Raj Kundra (left) and Shilpa Shetty hold a minority stake in Rajasthan Royals © Getty Images
Feb 11, 2014
In what may turn out to be an interesting twist in the Indian Premier League (IPL) match-fixing saga, Rajasthan Royals (RR)owners Raj Kundra and Shilpa Shetty may have been found guilty of partaking in fixing matches if it were not for the cops in Delhi and Jaipur to come to their rescue.
The subsequent Justice Mudgal panel which is in place for the match-fixing saga has also pointed out the fact that Kundra and Shilpa may have directly been involved in influencing players and also notes that the duo may be in trouble provided they are found guilty, reports First-Post.
The panel which brought out a report on the ongoing saga has also strongly hinted that if it were not for the unwillingness on the Jaipur police’s part to pursue the case against Kundra for fixing matches, both owners could already have been in a lot of trouble as of lately.
The panel also states that apart from not taking the probe against Kundra and Shilpa further, there was also a hurried cover-up of the entire scandal the Rajasthan were in, which may have helped the owners escape without getting indicted.
Kundra and Shilpa hold a minority stake in Rajasthan and unlike other franchise owners, they have a well-defined role in the functioning of the team.
The panel also has revealed that Kundra and Shilpa had placed many bets on numerous IPL matches courtesy their friend Umesh Goenka, and had also introduced the latter to many other IPL teams and players.
Going by the reports of the panel the case against Kundra and Shilpa looks definitely strong since they also allegedly guided Goenka in meeting up with bookies to hold bets in Jaipur.
“The committee posed a specific query to him in relation to his confessional statement made before the Delhi Police under Section 161 of the Criminal Procedure Code (CPC), which was subsequently withdrawn by him, wherein he had admitted to betting in the IPL,” said the report.
“The committee is of the view that the statement recorded goes beyond mere admittance and records the manner in which and the amounts of bets placed, wherein he has stated that he had placed one such bet, from the phone of his wife…,” added the report.
“He [Goenka] stated that Kundra used to place bets. The police told us that Goenka had stated that whenever he used to ask Kundra any information relating to a team or a match, Kundra would tell him to directly contact the players. This is because Kundra knew that Goenka was friends with players,” said the report further.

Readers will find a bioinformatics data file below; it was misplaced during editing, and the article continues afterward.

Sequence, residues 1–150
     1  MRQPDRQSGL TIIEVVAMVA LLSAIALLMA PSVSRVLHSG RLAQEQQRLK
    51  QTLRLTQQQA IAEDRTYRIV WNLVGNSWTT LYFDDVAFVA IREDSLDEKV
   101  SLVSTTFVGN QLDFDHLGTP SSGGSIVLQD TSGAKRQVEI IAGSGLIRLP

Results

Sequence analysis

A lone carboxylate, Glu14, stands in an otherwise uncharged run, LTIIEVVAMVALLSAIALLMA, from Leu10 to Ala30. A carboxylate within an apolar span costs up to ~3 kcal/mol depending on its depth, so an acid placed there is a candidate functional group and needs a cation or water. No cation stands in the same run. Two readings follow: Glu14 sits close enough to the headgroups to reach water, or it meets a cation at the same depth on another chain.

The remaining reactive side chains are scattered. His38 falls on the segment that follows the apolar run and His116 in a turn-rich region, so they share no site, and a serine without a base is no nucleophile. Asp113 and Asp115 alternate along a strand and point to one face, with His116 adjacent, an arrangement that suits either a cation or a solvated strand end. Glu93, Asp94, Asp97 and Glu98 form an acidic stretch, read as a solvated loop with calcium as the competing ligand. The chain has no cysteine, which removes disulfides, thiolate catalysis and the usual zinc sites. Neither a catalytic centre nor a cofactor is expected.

Though the above mentioned information was forwarded to the Jaipur police in June 2013, still no further action was taken against Kundra and Shilpa, reports the probe panel.
The committee now wants a thorough investigation to take place against Kundra and Shilpa and wants to clear the controversy once and for all.
“After a thorough investigation, if the allegations of betting and/or spot fixing/match fixing can be proved, appropriate action should be taken against Kundra and Shetty as well as the franchise,” said the report.
“There seems to have been an effort to cover up the involvement of Kundra in betting. In terms of the regulations in force of the Board of Control for Cricket in India (BCCI), even legal betting is not permitted on the part of an owner of a franchisee,” said advocate Nilay Dutta, who was a part of the three-member panel.
“There are materials on record which justify an appropriate investigation to ascertain the culpability of Kundra and his wife in placing bets as owner of a franchisee in IPL. Any such culpability on the part of the Kundras would fasten liability on the franchisee,” added Dutta.
But the ongoing investigation against match-fixing may have come too little too late as the alleged culprits have already have got enough time to get away scot-free, considering the lack of interest and evidence against them.
And the most ironic part may be that of the case being dropped against Kundra and Shilpa, thanks to the role played by the Jaipur and Delhi cops.
Repercussions of the Mudgal Report